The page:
Another Internet company has been accused of cozying up to the Chinese government. The other week, it was Google, which has decided to filter its search results, according to categories set by the Chinese government. This time, it seems that Yahoo! may have cooperated with the Chinese government in its arrest of a political dissident (and this may not have been the first time).

Chinese pressure on Internet companies is raising serious concerns. And not just among organisations such as Reporters Without Borders (which claimed that Yahoo! helped identify the dissident through his email address and username), but the US Government. Yahoo!, Google, Microsoft, and Cisco have all been requested to appear as witnesses at a Congressional hearing this week, titled “The Internet in China: A Tool for Freedom or Suppression?” (Why these four? While both Google and Yahoo! have filtered their search engine results for Chinese users, Microsoft has reportedly shut down a blog in China, and Cisco has provided hardware used for filtering.)

All of this raises some very interesting, and difficult, issues. Given that it’s unlikely the Chinese government will change its position on whether Chinese citizens should be able to read about Tianamen or Taiwan, I think it comes down to a couple of questions.

Is it worse for Chinese citizens not to have access to fundamental tools for using the Internet (search engines and free email accounts), or to have censored access?

I think that the threshold issue is whether the Internet without Google and Yahoo! is somehow less valuable than the Internet with Google and Yahoo! In other words, why should anyone care whether these companies do business in China at all?

With respect to their search engine capabilities, my personal opinion is that the Internet is much more valuable when you have a way to find what you are looking for. As someone once said to me, it doesn’t matter if you have something if you can’t find it. (The comment was made about a messy office, but I think that the same holds true here.) It was harder to find useful content on the Internet before good search engines were around.

As for Yahoo!’s email capabilities, having free email is, for the most part, also better than not having it. Many people cannot afford an email account through a subscription service, or need multiple email addresses used for multiple purposes. Chinese users are unlikely to be any different. The argument may not be as clear as with search engines, however. It is important to note that Google has decided not to offer Gmail to the Chinese market because it does not want to be put in the position of releasing information about its users. So perhaps, from the point of view of some Chinese users, it is better not to have an email account at all, however inconvenient that might be.

Are censored results worse than no results at all? Filtering search engine results is certainly not ideal. But in this situation, I think that access to something is better than access to nothing. Ultimately, I think that people’s position on this issue depends on how likely they think China is to give into external pressures, and change its policies. For the time being, my personal view is that it’s better to offer these services to Chinese users.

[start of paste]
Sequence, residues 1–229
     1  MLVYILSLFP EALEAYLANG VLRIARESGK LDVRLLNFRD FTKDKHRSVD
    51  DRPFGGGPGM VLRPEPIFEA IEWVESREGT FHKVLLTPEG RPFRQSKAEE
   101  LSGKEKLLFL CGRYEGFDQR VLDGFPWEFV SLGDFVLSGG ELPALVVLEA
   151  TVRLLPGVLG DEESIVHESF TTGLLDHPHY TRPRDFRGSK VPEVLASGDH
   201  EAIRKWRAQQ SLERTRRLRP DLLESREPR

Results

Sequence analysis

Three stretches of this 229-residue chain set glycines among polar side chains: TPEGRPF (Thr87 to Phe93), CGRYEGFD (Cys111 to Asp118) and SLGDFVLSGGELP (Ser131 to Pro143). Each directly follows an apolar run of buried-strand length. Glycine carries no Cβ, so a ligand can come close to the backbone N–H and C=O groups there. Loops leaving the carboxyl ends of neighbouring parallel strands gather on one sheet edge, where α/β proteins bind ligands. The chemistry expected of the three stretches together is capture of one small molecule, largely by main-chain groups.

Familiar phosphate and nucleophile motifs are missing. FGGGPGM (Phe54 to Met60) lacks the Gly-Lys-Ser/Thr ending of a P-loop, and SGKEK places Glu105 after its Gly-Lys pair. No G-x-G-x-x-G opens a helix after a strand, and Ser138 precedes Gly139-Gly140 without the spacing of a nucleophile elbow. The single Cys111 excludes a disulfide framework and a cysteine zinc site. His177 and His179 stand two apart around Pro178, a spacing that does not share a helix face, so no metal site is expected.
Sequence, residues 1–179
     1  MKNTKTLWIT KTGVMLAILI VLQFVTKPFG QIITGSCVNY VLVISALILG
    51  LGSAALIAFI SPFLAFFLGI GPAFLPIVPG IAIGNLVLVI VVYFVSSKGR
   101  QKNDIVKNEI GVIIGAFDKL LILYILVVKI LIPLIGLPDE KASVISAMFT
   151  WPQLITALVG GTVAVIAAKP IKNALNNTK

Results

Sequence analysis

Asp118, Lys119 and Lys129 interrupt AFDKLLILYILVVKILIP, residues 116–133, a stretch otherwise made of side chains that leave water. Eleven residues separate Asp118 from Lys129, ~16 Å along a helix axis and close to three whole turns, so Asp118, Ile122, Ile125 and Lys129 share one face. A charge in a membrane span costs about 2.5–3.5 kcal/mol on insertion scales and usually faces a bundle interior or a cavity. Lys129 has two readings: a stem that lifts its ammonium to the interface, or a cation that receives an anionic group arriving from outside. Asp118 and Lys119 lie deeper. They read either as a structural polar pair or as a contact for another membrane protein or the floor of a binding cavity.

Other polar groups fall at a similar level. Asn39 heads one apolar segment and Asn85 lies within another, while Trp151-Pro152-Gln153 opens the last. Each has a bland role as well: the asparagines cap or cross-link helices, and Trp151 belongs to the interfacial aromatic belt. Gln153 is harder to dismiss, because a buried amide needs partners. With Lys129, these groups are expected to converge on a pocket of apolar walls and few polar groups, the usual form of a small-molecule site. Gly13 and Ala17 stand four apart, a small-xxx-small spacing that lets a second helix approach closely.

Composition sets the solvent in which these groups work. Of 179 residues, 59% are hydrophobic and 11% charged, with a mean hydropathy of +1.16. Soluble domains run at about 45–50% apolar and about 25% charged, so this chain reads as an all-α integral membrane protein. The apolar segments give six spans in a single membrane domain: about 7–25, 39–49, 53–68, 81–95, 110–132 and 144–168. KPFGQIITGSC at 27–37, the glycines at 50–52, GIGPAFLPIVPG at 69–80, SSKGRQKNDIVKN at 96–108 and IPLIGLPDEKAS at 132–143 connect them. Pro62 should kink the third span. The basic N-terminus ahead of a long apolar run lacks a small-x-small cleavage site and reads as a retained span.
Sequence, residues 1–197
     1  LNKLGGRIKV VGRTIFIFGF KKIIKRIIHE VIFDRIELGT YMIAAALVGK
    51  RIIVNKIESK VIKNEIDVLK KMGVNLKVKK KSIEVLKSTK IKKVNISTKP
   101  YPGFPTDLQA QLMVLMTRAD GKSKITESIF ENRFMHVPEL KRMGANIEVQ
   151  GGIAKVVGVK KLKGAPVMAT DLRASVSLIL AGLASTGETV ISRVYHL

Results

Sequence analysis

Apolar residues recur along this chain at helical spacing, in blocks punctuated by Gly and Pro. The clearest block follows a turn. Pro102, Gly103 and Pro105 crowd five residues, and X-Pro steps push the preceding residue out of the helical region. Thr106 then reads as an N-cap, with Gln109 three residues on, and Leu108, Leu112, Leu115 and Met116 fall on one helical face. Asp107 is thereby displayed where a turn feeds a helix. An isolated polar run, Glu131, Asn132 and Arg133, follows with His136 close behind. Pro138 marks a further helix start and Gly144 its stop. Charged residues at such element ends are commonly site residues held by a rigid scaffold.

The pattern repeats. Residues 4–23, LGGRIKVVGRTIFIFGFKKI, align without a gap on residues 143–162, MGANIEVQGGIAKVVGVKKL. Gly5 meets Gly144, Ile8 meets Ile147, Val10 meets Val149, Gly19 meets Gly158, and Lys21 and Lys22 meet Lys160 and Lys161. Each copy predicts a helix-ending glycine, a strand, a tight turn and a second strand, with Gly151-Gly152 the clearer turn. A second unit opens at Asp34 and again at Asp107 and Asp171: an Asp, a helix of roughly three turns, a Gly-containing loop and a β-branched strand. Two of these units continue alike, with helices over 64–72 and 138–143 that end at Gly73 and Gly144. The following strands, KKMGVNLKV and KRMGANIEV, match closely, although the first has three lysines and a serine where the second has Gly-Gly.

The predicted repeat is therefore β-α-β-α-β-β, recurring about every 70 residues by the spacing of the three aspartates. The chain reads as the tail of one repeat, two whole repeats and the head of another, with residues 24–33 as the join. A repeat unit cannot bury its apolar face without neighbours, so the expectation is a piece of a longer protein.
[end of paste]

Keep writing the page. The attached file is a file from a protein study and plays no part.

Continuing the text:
What path should Internet companies take in China, when they are under an obligation to their shareholders to maximise profits, but doing so may cause them to lose the support of some existing customers?

In other words, what are the implications for corporate governance?

This one is a bit harder, and I am not sure where I stand. From the perspective of a business that will continue to exist in the longer term only if it continues to profit, Google and the rest have an obligation to make the most of any potential markets. This doesn’t mean that they have to make profits all of the time — certainly, when Internet companies start, they often spend quite a bit of money before they make any. But to continue in business once they have become publicly-held companies traded on the stock exchange is a different matter. Right or wrong, between shareholders and customers the first obligation of a company’s management is to its shareholders — because the shareholders own the company. So if we prefer to have Yahoo!, Google, Microsoft, and Cisco exist than not, we probably have to accept that we won’t like all of their policies.

But at the same time, these companies do need their customers, and customers can influence company policy. The difficulty lies in the fact that what customers value is not necessarily the same thing as what shareholders value. In this situation, these interests contrast more than usual. Here, many users value not only good, innovative products, but the freedoms associated with Western societies, including the freedom of speech. The fact that it’s a government’s policies that are objectionable makes the contrast that much more stark.

So Google and the rest are faced with a difficult problem, namely, how can they justify not entering one of the largest markets in the world? From the perspective of profits, they cannot. So it then they have to figure out how to try and satisfy not just two but three interest groups: shareholders, customers, and the Chinese government. I don’t envy them the task.